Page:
administration on Tuesday. According to MUNACA VP Finance David Kalant, the board of representatives has already decided to refuse to re-open the collective agreement. The administration’s proposal would have cancelled a 1.5 per cent wage increase due in June, as well as scheduled pay-step increases. “They want employees to take this wage freeze, and certainly the cuts from the government are ridiculous, but on the other hand, McGill has become top-heavy in the last few years,” Kalant said. “The number of layers of upper administration seem to be growing […] when they say there’s no fat at the top. There is.” Those with job security will be protected, according to Kalant, but those roughly 100 MUNACA members who don’t “are very vulnerable.” AGSEM – McGill’s Teaching Union’s Teaching Assistant (TA) unit was also asked to re-open their collective agreement. Their membership will vote on the proposal during their March 27 gen-
eral assembly, though AGSEM VicePresident Justin Marleau said the AGSEM executive will recommend they reject the proposal, which would have cancelled 1.2 per cent wages increases due next January. “The admin are saying that everyone needs to be contributing equally to sacrifices. But we did not benefit during the good years – our pay rates have barely kept pace with inflation,” Marleau said. “Why should one of the poorest employee groups be making the same sacrifices?” The Association of McGill University Support Employees (AMUSE) was asked last Friday to re-open their collective agreement to cancel the 2013 pay increases. Though she “doesn’t want to speak for their membership,” the union’s president, Jaime MacLean, said that it’s “highly unlikely” that will happen. According to several employee group representatives interviewed, the administration is offering a 3 per cent cut on all upper administration and Dean salaries.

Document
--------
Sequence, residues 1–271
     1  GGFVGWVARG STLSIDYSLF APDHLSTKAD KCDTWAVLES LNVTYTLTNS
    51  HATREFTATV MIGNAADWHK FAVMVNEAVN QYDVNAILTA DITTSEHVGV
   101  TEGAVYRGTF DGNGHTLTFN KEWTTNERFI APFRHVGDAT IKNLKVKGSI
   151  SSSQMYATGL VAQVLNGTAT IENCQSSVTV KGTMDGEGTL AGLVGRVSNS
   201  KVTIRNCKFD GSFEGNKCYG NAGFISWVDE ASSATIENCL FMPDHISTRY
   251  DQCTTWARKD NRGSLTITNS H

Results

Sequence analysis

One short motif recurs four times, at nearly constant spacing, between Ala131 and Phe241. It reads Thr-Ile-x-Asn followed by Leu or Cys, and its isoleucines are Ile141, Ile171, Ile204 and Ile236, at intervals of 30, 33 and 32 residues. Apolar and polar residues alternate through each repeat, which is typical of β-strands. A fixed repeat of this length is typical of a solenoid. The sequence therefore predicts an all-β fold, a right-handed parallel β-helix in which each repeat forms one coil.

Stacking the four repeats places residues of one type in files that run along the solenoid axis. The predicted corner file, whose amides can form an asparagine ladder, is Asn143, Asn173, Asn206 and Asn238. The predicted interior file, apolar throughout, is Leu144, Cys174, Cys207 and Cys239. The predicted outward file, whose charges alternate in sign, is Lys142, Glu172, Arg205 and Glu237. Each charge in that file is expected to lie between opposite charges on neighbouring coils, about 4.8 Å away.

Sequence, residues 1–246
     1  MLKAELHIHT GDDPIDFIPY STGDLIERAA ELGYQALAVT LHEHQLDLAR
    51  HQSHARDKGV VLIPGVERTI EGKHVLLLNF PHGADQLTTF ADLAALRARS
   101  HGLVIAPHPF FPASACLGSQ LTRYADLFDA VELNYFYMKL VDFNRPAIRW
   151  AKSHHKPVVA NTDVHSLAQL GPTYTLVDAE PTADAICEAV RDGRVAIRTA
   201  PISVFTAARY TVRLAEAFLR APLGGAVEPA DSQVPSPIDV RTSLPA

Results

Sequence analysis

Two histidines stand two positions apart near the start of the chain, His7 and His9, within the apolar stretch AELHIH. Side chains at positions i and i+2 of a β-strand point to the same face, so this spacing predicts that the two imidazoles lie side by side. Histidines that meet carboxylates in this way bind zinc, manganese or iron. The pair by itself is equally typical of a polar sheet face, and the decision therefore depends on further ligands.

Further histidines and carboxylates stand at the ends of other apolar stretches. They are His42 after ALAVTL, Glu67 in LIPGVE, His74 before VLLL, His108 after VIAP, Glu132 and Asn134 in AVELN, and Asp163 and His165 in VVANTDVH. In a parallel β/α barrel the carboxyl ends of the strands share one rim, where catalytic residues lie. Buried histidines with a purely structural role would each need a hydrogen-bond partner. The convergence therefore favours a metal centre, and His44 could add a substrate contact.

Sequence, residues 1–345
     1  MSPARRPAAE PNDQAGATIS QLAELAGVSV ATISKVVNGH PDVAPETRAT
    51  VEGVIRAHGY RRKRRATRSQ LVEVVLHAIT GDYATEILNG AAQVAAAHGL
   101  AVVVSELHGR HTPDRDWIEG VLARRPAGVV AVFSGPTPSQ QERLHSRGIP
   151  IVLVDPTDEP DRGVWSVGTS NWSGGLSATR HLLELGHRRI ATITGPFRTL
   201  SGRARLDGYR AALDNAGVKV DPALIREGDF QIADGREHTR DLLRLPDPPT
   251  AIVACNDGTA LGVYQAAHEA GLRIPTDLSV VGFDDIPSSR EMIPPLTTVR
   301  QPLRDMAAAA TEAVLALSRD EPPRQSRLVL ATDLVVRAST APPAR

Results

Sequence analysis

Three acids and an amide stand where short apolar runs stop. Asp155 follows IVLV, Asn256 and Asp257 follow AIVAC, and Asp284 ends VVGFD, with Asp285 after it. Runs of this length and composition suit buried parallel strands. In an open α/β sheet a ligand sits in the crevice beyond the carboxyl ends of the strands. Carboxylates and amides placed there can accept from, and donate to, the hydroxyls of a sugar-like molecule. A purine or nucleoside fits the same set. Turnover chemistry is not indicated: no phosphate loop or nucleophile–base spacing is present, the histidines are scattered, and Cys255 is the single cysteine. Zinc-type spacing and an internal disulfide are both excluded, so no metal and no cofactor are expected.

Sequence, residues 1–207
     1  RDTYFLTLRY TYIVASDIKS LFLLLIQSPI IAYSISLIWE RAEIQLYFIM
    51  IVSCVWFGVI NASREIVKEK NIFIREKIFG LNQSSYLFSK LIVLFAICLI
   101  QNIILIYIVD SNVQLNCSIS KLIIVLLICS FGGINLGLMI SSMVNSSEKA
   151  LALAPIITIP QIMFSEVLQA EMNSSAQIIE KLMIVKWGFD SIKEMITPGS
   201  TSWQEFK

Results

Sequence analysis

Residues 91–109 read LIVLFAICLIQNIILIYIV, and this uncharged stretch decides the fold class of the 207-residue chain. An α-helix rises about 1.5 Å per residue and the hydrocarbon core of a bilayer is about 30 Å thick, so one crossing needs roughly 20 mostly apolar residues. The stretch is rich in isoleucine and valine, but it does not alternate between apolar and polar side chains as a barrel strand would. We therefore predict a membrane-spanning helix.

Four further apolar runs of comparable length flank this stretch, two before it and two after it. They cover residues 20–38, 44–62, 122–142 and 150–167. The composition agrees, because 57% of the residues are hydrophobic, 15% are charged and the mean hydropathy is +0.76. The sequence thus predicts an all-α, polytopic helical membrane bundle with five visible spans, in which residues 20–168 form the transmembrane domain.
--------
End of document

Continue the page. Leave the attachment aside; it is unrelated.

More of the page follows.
Director of Internal Relations Doug Sweet declined to confirm the 3 per cent cut, saying only that “a message about this package of measures will be sent to the entire McGill community, and that message could come as soon as early next week.” In late February, the province rescinded a monetary penalty for not trimming university budgets immediately, extended the timetables for administering cuts over five- and seven-year periods, and promised a $1.7-billion reinvestment in 2014-2015. The McGill administration is saying that this will make little difference, and that waiting to implement cuts later rather than sooner will only further balloon the University’s accumulated deficit. Citing that this reinvestment is contingent on economic conditions in the province at that time, VP Finance Michael Di Grappa said that the University “cannot responsibly count on this investment,” in an internal memorandum to the community.
The McGill Daily Monday, March 25, 2013 mcgilldaily.com
Misunderstanding discrimination and diversity On the need to address structural, not individual oppression Benjamin Elgie Commentary Writer
cGill recently surveyed a random sample of students on their experiences of discrimination at the university. The primary question of the “Understanding Diversity and Discrimination at McGill” survey, carried out by the Planning & Institutional Analysis Office, asks: have you experienced discrimination by McGill professor, teaching assistants, administrative staff or fellow students? These four questions are virtually the same as those in the 2009 Student Demographic Survey. It seems that little has been learned in the intervening four years, as once again the survey designers implicitly discount any forms of discrimination beyond isolated actions by individuals with malicious intent. McGill states that in its 2009 survey, 36 per cent of students reported facing discrimination from other students and 28 per cent from staff (with the report stating a “vast majority” reported no discrimination), but neither this nor the 2013 survey can possibly capture any useful assessment of oppression when it overlooks discrimination ingrained at the institutional level. Individual acts of oppression do occur, both in the form of microaggressions (small but relentless words and actions which perpetuate hurtful assumptions), and in more overt shows of prejudice (such as McGill’s former Chancellor referring to Native peoples as “sauvages”). However, a major form of oppression is institutional or systemic oppression, whereby structural inequalities perpetuate existing power disparities. Consider single parents, par-